ASU’s collaboration with the Mayo Clinic is working to create a positive impact on cancer treatment, according to a physics researcher at the university.
Jason Holmes, a postdoc physics researcher at ASU, said he is designing three proton beam therapy-related devices that should help the process become more accurate and therefore safer for the patient.
“The less radiation you get, the less sick you’ll be in the short term,” Holmes said. “And in the long term, you’ll be less likely to get other cancer, other tumors.”
X-rays comprise most radiation therapy, but they permeate the patient’s entire body which damages cells before and after the tumor, unlike protons which stop inside the tumor, sparing the cells positioned behind, Holmes said.
Holmes said he hopes his devices will solve two key limitations with proton beam therapy: knowing where the protons stop, and knowing how many go into the patient’s body.
Current methods can only predict the range of a proton within a centimeter, Holmes said.
“You can’t really use this to help the patient, to help their outcomes, until you get within around a millimeter,” Holmes said, referring to the proposed accuracy of his range detector.
Another one of his prototype devices attempts to count the protons introduced to the patient by first shooting them through a diamond.
“I’m literally talking about ‘there goes one proton, then another, there’s another,’” Holmes said.
Once these two problems are taken care of, proton beam therapy ought to be safer, he said.
“If you know how much energy is being deposited into a patient, and where it is being deposited, then you know basically everything you need to know,” Holmes said. “That’s what all of our projects are trying to do.”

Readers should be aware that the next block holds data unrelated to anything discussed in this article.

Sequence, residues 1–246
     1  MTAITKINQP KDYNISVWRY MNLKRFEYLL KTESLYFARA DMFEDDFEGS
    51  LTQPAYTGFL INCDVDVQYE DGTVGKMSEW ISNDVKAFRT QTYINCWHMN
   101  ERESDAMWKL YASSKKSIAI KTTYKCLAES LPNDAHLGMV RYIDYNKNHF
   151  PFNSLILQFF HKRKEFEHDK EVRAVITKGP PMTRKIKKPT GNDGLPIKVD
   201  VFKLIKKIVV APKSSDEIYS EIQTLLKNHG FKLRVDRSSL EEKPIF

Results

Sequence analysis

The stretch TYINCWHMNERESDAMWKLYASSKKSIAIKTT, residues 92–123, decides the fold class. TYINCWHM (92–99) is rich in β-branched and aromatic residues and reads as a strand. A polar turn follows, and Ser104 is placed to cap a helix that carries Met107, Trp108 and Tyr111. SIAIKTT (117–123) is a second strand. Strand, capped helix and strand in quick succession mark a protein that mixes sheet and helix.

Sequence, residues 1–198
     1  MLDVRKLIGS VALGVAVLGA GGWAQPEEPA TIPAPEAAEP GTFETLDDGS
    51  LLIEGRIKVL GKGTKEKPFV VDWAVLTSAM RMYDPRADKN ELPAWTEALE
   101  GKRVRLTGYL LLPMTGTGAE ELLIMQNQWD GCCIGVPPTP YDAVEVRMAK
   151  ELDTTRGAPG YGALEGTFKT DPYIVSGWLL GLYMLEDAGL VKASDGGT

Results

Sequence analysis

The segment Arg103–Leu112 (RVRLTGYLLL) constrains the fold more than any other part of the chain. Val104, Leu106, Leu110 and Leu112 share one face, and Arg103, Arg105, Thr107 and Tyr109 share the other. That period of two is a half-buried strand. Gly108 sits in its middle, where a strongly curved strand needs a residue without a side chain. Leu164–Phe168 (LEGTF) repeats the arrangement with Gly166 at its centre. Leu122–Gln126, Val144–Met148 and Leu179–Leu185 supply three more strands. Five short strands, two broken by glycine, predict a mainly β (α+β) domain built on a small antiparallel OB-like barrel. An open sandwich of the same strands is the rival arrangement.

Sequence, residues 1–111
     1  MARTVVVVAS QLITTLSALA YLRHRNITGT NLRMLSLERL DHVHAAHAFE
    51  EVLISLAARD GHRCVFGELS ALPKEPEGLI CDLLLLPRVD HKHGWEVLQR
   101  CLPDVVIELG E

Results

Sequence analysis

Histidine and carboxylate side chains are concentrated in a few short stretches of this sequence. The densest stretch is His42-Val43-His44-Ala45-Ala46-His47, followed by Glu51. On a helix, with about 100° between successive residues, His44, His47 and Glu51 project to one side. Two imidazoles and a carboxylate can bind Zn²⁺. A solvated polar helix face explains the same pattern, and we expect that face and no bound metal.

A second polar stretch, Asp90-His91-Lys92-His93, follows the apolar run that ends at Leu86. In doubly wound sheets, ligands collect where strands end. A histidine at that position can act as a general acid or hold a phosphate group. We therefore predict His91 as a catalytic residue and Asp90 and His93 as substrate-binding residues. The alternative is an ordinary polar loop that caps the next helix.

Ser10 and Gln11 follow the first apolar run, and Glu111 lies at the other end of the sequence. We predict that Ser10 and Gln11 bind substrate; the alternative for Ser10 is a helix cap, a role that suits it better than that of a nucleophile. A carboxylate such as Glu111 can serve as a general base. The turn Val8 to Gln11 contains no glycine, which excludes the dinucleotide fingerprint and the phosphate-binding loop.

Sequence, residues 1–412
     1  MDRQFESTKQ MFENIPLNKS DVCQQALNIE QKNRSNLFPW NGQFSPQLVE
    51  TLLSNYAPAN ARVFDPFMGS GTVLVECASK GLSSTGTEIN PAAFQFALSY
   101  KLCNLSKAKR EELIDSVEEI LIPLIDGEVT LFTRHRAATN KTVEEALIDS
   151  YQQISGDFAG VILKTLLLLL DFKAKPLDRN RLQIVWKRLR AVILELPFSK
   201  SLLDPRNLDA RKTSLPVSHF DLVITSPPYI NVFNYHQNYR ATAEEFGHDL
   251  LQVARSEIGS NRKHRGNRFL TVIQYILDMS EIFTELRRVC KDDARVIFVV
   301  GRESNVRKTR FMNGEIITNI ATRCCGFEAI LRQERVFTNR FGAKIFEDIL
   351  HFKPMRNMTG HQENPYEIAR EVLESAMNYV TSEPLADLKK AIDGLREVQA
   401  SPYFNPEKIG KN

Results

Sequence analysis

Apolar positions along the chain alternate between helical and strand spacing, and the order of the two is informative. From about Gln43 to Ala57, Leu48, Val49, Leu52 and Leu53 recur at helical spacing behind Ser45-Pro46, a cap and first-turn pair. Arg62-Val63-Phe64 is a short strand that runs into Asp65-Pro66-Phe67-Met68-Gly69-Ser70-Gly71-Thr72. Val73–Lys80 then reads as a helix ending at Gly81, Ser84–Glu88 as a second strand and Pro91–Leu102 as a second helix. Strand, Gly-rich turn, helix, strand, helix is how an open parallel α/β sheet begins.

Ricardo Alarcon, the Principal Investigator for all three devices and Holmes’ adviser, said the range detector’s speed will be a first for the field.
"It'll be the first time we will be doing this therapy and will be actually looking at what is happening while the treatment is being conducted,” Alarcon said.
The Mayo Clinic’s proton beam delivers the subatomic particles in spans of 5 milliseconds, so they want responses just as fast, he said.
"The whole idea started because Mayo Clinic decided to build a proton therapy clinic in Phoenix, and there are only a few in the country,” Alarcon said.
He said Holmes’ progress on his research has been impressive.
"It's a really unique position for the student to be in ... thinking of the problem, building the apparatus that is going to solve that problem, and then going and doing the experiments,” Alarcon said. “And that's what he's doing."
Alarcon said the project has been rewarding for both Holmes and himself.
"From an educational point of view, that is extremely satisfying for me," he said.
Martin Bues, the lead proton physicist for the Mayo Clinic’s radiation oncology department who fosters the collaboration between the ASU physics department and Mayo Clinic, said the research is satisfying for different reasons.
“The beauty of Jason’s device, if it in fact works, is that all uncertainty will be removed because his device will actually measure in real time, in living breathing patients, where the beam stops,” Bues said.
Of course, not all uncertainty will be removed. As Holmes said, there will still be a millimeter of uncertainty.
Bues said reducing this uncertainty should reduce the patient’s discomfort.
“The less we irradiate healthy tissue, the fewer the unwanted side-effects of the radiation will be,” Bues
Although Bues considers proton beam therapy safer than X-ray therapy, these side-effects can range from bone fractures, to visual impairment and neurological problems, depending on the type of cancer treated.
“In order to use proton beam therapy to the fullest, we need to know with the highest possible precision where the beam will stop,” Bues said.